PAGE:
Quantitative Characterisation of Inorganic and Organic Content of Sharpey’s Fibres

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Ramya Ramadoss
Sandhya Sundar
Suganya Panneer Selvam
Pratibha Ramani


Sharpey’s fibres, cementum, alveolar bone, periodontal regeneration, mineral composition


Introduction: The periodontal ligament's main responsibilities include supporting the teeth, producing the force necessary for tooth eruption, and providing sensory data about the location of the teeth as well as forces that will help the reflex jaw movement that occurs during chewing motions. Sharpey’s fibres are a matrix of connective tissue consisting of bundles of collagen fibre connecting PDL to bone and cementum. Periodontal regeneration is very crucial as it involves reviving the hard and soft tissue interface in the presence of infection and inflammation. Understanding the organic and inorganic composition of these fibres present at the hard and soft tissue interface is crucial in deriving effective regeneration strategies.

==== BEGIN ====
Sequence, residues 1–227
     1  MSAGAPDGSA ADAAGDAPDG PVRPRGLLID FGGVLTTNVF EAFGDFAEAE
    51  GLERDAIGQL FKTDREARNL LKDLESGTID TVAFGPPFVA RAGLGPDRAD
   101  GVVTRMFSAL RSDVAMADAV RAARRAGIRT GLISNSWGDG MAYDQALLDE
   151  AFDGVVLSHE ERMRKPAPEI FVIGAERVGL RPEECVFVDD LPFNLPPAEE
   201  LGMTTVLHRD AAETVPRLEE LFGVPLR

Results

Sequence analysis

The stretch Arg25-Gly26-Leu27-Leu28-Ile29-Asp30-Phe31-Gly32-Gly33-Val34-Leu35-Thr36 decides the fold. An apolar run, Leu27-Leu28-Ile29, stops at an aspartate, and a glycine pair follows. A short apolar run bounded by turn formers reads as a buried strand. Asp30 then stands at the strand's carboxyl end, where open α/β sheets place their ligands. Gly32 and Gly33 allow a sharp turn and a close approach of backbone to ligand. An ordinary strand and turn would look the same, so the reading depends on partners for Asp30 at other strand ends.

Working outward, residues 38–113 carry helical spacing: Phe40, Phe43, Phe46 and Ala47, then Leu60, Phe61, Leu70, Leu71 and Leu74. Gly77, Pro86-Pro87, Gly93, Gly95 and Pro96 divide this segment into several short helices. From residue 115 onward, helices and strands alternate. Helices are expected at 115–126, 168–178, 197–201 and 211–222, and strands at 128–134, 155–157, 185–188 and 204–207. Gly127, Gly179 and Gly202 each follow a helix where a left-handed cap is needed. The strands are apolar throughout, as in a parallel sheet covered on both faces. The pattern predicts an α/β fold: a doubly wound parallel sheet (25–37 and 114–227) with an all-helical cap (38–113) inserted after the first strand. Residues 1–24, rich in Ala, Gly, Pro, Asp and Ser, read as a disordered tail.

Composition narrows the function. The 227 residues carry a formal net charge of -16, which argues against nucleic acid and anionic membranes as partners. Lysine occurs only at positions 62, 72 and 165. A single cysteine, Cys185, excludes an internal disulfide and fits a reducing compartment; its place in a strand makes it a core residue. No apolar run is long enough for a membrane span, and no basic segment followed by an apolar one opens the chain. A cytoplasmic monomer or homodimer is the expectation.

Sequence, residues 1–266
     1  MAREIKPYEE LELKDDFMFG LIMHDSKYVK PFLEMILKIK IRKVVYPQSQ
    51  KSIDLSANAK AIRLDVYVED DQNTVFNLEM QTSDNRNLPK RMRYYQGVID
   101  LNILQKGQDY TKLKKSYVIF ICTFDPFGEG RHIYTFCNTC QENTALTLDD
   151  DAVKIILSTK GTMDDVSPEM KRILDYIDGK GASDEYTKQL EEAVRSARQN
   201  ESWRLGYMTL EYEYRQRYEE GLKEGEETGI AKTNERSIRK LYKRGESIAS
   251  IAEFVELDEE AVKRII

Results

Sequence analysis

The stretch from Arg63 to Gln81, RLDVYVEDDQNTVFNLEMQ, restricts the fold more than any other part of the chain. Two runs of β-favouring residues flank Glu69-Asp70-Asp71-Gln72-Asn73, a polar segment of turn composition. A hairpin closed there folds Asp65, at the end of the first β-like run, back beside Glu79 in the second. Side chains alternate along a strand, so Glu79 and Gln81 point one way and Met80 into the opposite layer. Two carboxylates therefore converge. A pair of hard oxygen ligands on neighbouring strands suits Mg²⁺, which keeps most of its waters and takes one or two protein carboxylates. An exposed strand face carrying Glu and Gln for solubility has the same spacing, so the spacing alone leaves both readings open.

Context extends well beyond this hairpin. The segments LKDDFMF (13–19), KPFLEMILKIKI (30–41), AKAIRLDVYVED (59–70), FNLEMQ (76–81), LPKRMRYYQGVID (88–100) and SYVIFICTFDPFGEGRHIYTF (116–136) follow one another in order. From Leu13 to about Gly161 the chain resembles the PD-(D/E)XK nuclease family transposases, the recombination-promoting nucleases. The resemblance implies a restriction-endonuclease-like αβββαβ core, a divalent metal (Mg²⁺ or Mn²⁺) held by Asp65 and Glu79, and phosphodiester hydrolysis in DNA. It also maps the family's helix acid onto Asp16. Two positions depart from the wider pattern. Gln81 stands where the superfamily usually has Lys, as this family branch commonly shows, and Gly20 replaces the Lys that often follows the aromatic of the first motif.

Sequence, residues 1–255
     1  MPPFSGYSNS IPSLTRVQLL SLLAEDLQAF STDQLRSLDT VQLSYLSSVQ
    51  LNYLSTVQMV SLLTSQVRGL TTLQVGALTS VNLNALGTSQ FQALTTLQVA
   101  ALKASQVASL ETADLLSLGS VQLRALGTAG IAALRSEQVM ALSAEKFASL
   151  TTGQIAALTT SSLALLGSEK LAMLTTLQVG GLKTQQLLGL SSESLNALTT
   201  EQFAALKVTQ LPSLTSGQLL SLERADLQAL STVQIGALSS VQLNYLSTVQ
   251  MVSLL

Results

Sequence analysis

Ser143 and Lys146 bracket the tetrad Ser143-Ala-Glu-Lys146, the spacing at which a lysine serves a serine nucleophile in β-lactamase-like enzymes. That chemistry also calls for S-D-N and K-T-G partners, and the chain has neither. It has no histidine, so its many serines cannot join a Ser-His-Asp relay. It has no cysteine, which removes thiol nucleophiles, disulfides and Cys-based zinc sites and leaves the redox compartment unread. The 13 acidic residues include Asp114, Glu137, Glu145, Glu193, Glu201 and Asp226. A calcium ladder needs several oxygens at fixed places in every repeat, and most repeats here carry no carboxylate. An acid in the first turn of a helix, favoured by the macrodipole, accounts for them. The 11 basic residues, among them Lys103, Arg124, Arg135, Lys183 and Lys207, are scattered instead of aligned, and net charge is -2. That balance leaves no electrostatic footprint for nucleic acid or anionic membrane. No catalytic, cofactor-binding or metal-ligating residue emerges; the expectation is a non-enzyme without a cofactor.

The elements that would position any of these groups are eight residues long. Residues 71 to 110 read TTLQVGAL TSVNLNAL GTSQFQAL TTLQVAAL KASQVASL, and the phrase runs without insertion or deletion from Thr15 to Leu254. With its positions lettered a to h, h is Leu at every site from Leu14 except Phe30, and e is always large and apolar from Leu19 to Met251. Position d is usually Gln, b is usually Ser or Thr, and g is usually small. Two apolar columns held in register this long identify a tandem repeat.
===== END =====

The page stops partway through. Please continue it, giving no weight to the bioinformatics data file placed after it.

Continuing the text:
Materials and methods: The tooth sections on the glass coverslip were seen using a field emission scanning electron microscope. Sections were dried with nitrogen gas after being dehydrated with 70 percentage ethyl alcohol. The pieces were sputter coated with platinum to induce conductivity at a critical point drying. The images were recorded.
Results: The results revealed that the interface was very different at the cemental surface and the alveolar bone interface. So this will help in terms of formulating newer agents because we have very clearly formed out the percentages of the minerals present in it.
Conclusion: These varied chemical gradients throw inputs about the composition of sharpey’s fibres which exhibited presence of some organic and inorganic components.

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